Letter from Citizens for Limited Taxation
Patrick/Murray Transition Committee
56 Roland Street, Ste. 100D
Boston, MA 02129
Dear Governor-elect Patrick:
You said that you want to reach out to diversity, to work with not only
those who voted for you but those who did not.
Here I am.
We Citizens for Limited Taxation, Massachusetts’ only statewide
grassroots taxpayers association, know you will need a balance to all
the special interest groups that will try to pressure you to raise
taxes, change Proposition 2½, and spend more than our present tax burden
can afford. Many of those groups actively supported your candidacy. But
we have been reassured by your insistence that there were no commitments
made to them and by your campaign statement that you have “no plans” to
raise taxes or attack Prop 2½.”
Of course we would feel better if you had taken the “no new taxes”
pledge, which has protected us Massachusetts taxpayers for the past 16
years. It was not intended to “position” a candidate for governor, but
to send a message to the legislative leadership that it should cooperate
with executive branch proposals for reform and efficiencies because the
governor will not be taking the easy way out of fiscal difficulties with
a tax hike.
We were startled that, when answering a campaign question on what was
your least favorite book, you chose “anything by Grover Norquist.” Of
the hundreds of books you must have read in your life, you picked
“anything” by the leader of Americans for Tax Reform, creator of the
taxpayer protection pledge, and a close CLT ally. We and Grover rarely
disagree, so this must mean that... uh-oh.
But even if your intentions on taxes are pure, assaults on Prop 2½ can
be very subtle – an exclusion here, a “minor adjustment” there, perhaps
hidden by its enemies on otherwise innocent legislation.
The Republican administrations would call me to discuss such attempts;
please feel free to do this at any time. I realize that Prop 2½ is
fairly complicated and very few people really understand the way it
works or the motivations of its sponsors, so please take advantage of
our sincere offer to discuss it with your staff at any time.
We also await the opportunity to support your promised property tax
When you were elected, it seemed to me there were three possibilities,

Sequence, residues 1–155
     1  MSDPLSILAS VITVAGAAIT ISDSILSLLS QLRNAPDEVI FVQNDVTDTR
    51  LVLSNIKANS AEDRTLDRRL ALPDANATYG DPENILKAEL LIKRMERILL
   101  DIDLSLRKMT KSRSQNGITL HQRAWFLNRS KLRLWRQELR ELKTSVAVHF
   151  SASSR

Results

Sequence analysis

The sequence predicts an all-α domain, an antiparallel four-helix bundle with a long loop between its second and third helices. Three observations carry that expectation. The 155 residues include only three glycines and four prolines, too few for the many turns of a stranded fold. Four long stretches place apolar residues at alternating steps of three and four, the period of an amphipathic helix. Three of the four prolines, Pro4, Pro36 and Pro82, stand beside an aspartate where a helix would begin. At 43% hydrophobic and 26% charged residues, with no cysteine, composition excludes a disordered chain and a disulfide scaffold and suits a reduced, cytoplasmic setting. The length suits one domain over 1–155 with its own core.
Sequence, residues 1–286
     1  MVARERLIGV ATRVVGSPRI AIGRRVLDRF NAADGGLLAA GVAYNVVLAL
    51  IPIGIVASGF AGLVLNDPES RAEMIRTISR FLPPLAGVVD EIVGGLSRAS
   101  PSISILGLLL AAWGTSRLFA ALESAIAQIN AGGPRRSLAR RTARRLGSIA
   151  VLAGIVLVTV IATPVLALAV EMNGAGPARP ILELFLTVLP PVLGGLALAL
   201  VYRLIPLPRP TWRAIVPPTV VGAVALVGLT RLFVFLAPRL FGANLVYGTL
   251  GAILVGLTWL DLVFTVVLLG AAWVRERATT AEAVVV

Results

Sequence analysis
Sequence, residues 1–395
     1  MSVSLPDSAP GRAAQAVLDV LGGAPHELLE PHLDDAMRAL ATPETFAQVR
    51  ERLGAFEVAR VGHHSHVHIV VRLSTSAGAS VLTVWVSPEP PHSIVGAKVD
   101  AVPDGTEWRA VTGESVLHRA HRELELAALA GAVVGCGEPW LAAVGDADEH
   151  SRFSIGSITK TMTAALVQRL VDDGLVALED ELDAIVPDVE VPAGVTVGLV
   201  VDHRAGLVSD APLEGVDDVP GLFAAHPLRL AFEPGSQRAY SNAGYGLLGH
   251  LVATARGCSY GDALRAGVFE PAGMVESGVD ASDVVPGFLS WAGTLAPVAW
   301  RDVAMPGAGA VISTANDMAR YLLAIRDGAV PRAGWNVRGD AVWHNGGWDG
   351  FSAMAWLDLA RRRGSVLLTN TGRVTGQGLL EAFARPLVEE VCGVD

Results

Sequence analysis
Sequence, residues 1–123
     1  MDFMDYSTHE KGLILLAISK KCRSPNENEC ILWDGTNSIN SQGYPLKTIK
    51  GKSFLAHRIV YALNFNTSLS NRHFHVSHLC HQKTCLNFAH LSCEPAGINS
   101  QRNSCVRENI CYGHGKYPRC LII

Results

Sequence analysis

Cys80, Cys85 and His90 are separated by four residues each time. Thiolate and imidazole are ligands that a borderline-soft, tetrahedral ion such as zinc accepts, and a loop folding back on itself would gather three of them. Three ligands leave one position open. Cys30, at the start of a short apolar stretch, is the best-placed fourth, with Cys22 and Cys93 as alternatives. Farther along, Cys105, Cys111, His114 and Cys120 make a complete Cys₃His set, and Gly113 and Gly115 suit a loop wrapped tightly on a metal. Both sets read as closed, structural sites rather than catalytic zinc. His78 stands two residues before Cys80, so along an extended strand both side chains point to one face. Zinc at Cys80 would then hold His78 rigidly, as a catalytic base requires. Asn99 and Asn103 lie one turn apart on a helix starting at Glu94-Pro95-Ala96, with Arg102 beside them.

and though I carefully follow your transition activities, I can’t find a
favorite among them – and I’ve heard other people say this too. Either:
1. You are “the real thing,” a new kind of politician, someone who can
govern above the usual non-productive, game-playing, partisan Beacon
Hill fray and actually make the Commonwealth a place we’d rather live
than dream of escaping. If this is you, you have arrived just in time. Perhaps another Democrat can talk sense into the Legislature about
necessary reforms; can discourage pork that displaces essential
programs; can end the game of ignoring infrastructure maintenance and
direct human services so that there is “justification” for a tax
increase. Maybe you can find a way to deal with illegal immigration and
the Kelo decision on eminent domain. Maybe you will find the “nursing
home tax” as appalling as we do.
We can also hope that you will respect the state constitution on ballot
questions and take steps to honor promises made to taxpayers about
“temporary” taxes. Your recent disdain for the voters on the income tax
rollback was not reassuring. We hope you meant it when you said,
“someday,” and that “someday” is soon.
I was happy to learn that you do not expect to “run the state like a
business.” Other businessman-politicians have arrived with that naive
expectation, only to leave office sooner rather than later, muttering to
We note with surprised admiration that you did not have a knee-jerk
response to the recent gubernatorial veto of the supplemental budget,
promising to restore all cuts before you had time to investigate the
reason for them.
Or, possibility 2. You are a master manipulator of the people’s longing
for “the real thing” and they will learn too late that you are just
another liberal Democrat who takes from the taxpayers to give to the
If I may quote you, “I think you are better than that.” Or, at least
smarter than that, knowing that you want your governorship to be
successful and widely admired.
Or, possibility 3. You sincerely intend to be “the real thing” but have
no idea what you are getting into with the professionally dysfunctional
Democrat leadership and followers down the hall from your new office. I
moved to Massachusetts just in time to watch Michael Dukakis try to be a
reformer and get his head handed to him. I realize he gave you good
advice on running at the grassroots level; let’s hope his next advice
isn’t to do what he did in his next terms, when he became what he had
once wanted to change.
Governor-elect Patrick: we are entering the season of miracles. Like so
many others, I want to believe. Best wishes in your new job, in the New
Year, in what we hope will be a new commonwealth.
Citizens for Limited Taxation